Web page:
Wednesday, 30 May 2018

The Rolling Stones - Sticky Fingers (1971)

Lady of the house wondering when it's gonna stop....


Released April 1971

Recorded at Muscle Shoals, Alabama and Olympic and Trident Studios, London

Running time 46.25

This review is for the version which includes the original album, the extras and Roundhouse live cuts, and the Live At Leeds University gig.



1. Brown Sugar

2. Sway
3. Wild Horses
4. Can't You Hear Me Knocking
5. You Gotta Move
6. Bitch
7. I Got The Blues
8. Sister Morphine
9. Dead Flowers
10. Moonlight Mile                                                   

The album needs no real introduction. From the risque rock of Brown Sugar, with its iconic riff,  and the punchy horns of Bitch, through the blues rock of Sway, the pure blues of You Gotta Move and I Got The Blues to the sheer, unparalleled beauty of Wild Horses, the morbid Sister Morphine, the prelude to some of Exile that is Moonlight Mile and the enjoyable country rock of Dead Flowers - it is an absolute delight.

The "two tracks in one" of Can't You Hear Me Knocking with its vocal introduction and extended instrumental outro, featuring some Santana-style guitar, is always a high point. Remastered impressively, giving truly excellent sound quality, you can't go wrong with this slice of leery early seventies Stones. Everyone is on top form, instrumentally and vocally. A very, very strong case for being their best ever album. Of course, the monumental Exile On Main St had not appeared as yet.



1. Brown Sugar

2. Wild Horses
3. Can't You Hear Me Knocking
4. Bitch
5. Dead Flowers

Brown Sugar with Eric Clapton on it is very enjoyable, Clapton's whining guitar adding something extra. While not out-doing the original it is certainly interesting. The acoustic take of Wild Horses has a stripped down beauty. Lovely acoustic guitar on it, particularly at the three minute mark. The sound is crystal clear. Up there with the original. Can't You Hear Me Knocking is largely the first part of the original without the extended percussion outro. Some nice rumbling bass on it, some riffy guitar action around 1.40 and Charlie's rough and ready drums. It has its appeal but I prefer the original. Just when you want it to continue the groove it unfortunately stops. 

Bitch is extended and has a different vocal delivery from Jagger, slightly. More rambling than the original and had this been the original I wold have preferred it, if you get my drift, but as I know the original so well I have to stick with it. Nice guitar interplay around 2.25. Again at 4.23. The extended bit is basically the horn riff given a longer fade out, with a great bass line right at the end, a bit like a live gig extension. Enjoyable.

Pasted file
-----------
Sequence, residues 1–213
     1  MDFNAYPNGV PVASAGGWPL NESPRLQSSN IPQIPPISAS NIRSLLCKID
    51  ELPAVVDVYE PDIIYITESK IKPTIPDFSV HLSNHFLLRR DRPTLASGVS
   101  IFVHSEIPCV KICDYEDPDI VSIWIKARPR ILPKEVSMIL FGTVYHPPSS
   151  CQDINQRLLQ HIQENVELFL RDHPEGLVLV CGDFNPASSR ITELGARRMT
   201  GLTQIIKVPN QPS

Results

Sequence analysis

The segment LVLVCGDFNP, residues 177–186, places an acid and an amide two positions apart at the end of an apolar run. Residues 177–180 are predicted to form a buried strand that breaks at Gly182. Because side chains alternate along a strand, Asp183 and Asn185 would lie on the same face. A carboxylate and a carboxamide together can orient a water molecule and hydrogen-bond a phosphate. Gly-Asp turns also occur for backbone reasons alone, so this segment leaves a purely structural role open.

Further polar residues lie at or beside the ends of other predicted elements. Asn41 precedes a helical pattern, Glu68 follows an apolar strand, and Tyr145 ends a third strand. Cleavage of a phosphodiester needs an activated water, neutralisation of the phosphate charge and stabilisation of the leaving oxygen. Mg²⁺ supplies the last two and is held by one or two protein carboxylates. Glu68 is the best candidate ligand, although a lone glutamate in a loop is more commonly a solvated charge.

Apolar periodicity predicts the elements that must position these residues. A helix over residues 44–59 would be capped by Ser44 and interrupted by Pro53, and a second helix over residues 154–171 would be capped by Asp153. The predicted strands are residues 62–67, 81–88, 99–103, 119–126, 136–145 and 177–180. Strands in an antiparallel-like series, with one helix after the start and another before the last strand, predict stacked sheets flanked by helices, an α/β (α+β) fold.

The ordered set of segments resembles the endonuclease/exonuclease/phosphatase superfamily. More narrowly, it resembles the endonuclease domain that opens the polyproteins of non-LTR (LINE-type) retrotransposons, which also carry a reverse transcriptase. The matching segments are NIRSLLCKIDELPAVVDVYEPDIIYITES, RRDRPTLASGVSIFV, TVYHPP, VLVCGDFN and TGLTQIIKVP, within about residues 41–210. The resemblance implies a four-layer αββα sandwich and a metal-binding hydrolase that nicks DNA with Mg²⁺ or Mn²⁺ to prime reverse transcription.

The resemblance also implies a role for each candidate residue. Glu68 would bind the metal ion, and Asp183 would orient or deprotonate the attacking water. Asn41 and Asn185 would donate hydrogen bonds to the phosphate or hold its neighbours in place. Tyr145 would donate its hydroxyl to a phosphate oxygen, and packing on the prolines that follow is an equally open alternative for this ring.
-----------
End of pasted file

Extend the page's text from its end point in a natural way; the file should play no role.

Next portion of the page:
Dead Flowers has the bass to the fore and a Byrds-ish jangly guitar at the beginning. The steel guitar is laid on a bit thicker. Worth it for the bass and the rough and ready feel. Rock guitar pushes its way into the country feel a bit, for the better, particularly at the end. I think I prefer this cut to the original. Feels like a first take live in the studio cut. Jagger's vocal is a little lazier too. Seems somehow lower down in the mix.



1. Live With Me

2. Stray Cat Blues
3. Love In Vain
4. Midnight Rambler
5. Honky Tonk Women                                        

A great "live" feel on these cuts. Great sound quality without losing anything or sanitising it. Down and dirty, uncut and live. 

A punchy, bass-rumbling opener in Live With Me that rocks like the a canine's nether equipment. The Stones were really on fire live in 1971. The Brussels Affair from 1973 probably betters the 1971 material, but only just. For me, the live stuff from 71-73 beats Get Your Ya-Ya's, but that's just my personal taste. most people prefer Ya-Ya's. No doubting that The Stones were cooking in this period though. Stray Cat Blues is urgent, lazily dirty and bluesy. It really doesn't get much better than this. In 1971 they could still get away with this song. Love In Vain continues the blues, of course. Great guitar and vocal. My God, Mick Taylor was good. 

Midnight Rambler is as you would expect. Very clear sound though. Laid back and almost a bit jazzy as opposed to bluesy at the beginning, then the riff and harmonica takes over. Honky Tonk Women winds things up after the band introductions. I can never tire of hearing this. A great rendition of an often-played song here. Still a (relatively) new song to play live and the enthusiasm shows.



1. Jumpin' Jack Flash

2. Live With Me
3. Dead Flowers
4. Stray Cat Blues
5. Love In Vain
6. Midnight Rambler
7. Bitch
8. Honky Tonk Women
9. (I Can't Get No ) Satisfaction
10. Little Queenie
11. Brown Sugar
12. Street Fighting Man
13. Let It Rock                                               

Originally recorded in mono for BBC radio broadcast, the show from the short UK tour in Spring 1971, would appear to have been excellently remastered, in stereo. Kicking off with a heavy, menacing Jumpin' Jack Flash, we get excellent versions of Live With Me, Dead Flowers, Stray Cat Blues and, as with The Roundhouse cuts, the sound quality is good, but the live feel has not been lost. You feel as if you are there. Nice to hear Little Queenie and, of course, the old Brown Sugar 'B' Side Let It Rock. The sound is slightly better on "Roundhouse" but no real matter, just good to get this gig remastered and official, at last.

Funnily enough, Leeds was from 13th March 1971. Roundhouse was the next day, the 14th March, yet the band sound tighter on the second gig. That one of those vagaries of touring I guess. Some nights are better than others.